Head down the trail from Mammoth Cave Hotel in Mammoth Cave National Park and you’ll be at the historic entrance of one of the natural wonders of the world. With its 400 explored miles, Mammoth Cave is the world’s longest cave system. Mammoth Cave Hotel, with its touches of southern hospitality and easy-going service, follows a long tradition of serving travelers of all ages who have come to this place in southwestern Kentucky looking for a taste of adventure underground.
The framed black and white historic photographs and the roadside sign in the hotel’s Travertine Restaurant (where we ate dinner) tell a history of the hotel’s gentility and tourism. The original Mammoth Cave Hotel was built in the 1800s but, unfortunately, caught on fire in 1919 and burned to the ground. The current hotel, across a walking bridge at the back of the Mammoth Cave Visitors Center, offers three lodging options.
We stayed in one of the 20 rooms of Sunset Terrace, two long one-story buildings with the woods as a backdrop where each room includes chairs for sitting outside. In the evening, deer roam through the grassy area that separates Sunset Terrace from the main hotel parking lot. Our room of two queen beds was a tidy, comfortable trip back in time when soft green colors reflected the nuances of the outdoors. The cable TV, refrigerator and coffee maker are modern additions. Although Sunset Terrace does not have a WiFi connection, the main hotel does.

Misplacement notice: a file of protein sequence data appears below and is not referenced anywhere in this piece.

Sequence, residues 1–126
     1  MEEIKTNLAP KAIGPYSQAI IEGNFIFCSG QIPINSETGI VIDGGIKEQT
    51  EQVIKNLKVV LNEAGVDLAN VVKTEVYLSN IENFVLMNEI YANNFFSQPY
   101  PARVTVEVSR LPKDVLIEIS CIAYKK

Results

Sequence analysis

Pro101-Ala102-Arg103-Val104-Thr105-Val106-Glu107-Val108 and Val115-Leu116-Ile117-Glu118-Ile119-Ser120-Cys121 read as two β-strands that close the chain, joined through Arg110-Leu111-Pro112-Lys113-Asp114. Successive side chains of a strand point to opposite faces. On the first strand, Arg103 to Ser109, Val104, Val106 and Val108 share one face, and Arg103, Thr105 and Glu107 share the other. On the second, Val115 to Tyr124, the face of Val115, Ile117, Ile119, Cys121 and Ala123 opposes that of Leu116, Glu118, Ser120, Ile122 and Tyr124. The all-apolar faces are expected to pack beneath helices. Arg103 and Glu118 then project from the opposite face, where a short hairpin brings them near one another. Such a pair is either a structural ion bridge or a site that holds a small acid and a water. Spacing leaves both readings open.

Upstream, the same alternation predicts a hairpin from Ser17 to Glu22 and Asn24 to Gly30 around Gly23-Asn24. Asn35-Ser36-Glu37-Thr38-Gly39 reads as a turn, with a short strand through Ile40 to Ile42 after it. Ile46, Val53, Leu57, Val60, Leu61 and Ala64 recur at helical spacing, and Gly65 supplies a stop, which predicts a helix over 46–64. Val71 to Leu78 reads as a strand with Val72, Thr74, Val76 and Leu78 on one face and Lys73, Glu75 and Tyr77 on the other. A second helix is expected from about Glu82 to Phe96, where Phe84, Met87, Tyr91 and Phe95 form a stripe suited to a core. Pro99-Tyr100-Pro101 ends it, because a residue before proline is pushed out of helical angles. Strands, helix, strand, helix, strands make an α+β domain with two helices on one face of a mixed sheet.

The main building includes the Heritage Rooms where each of the two double bed rooms has a balcony or patio that faces the parking lot or overlooks the Heritage Trail that leads down to Mammoth Cave’s historic entrance.
For an overnight with a rustic, but also comfortable feel, stay in one of the 10 historic or 20 Woodland cottages. These cottages are situated in lovely groves of hardwood trees close to the other buildings. The cottages can accommodate 2 to 16 people depending upon the number of bedrooms.
The main building of Mammoth Cave is a busy place. A gift shop of Kentucky made arts and crafts and another one focused on Mammoth Cave memorabilia, bring in day guests as well as overnighters and those staying at Mammoth Cave National Park’s campground. Plus, there are two other dining options along with the Travertine Restaurant that are open to anyone looking for home-style cooking.
We ate lunch after we arrived at the Crystal Lake Coffee Shop, a smaller restaurant that serves breakfast and lunchtime fare. If you want a southern-style Kentucky favorite, order a bowl of soup beans that comes with cornbread. For a quick bite, head to Troglobites, a fast-food style restaurant with hamburgers and fries as the specialty.
As a note, Mammoth Cave Hotel dials back its offerings after September 30. Although it’s a year-round hotel, the number of available rooms scale back. March 1st, the hotel is in full swing again.
As far as visiting the cave goes, no matter when you head down underground, the temperature stays in the mid-50s. Plan ahead for tours. Some are sold out in advance. We took the Historic Tour, one I highly recommend.
The Mammoth Cave Hotel is a Forever Resorts Property. You can make reservations online or by calling 877/386-4383. I had to change my reservation from a date in June to one in July and was able to do so without any trouble. Also, at the time we stayed, our rate was cheaper so we did get a small refund upon checkout.
Room rates vary according to the season. The range is currently $105 to $113. Woodland Cottages are $71. Payment is upon reservation, but if you cancel within a certain time frame you do get a refund.
Post and all photos courtesy of Jamie Rhein. Photo of cottage, courtesy of Mammoth Cave Hotel.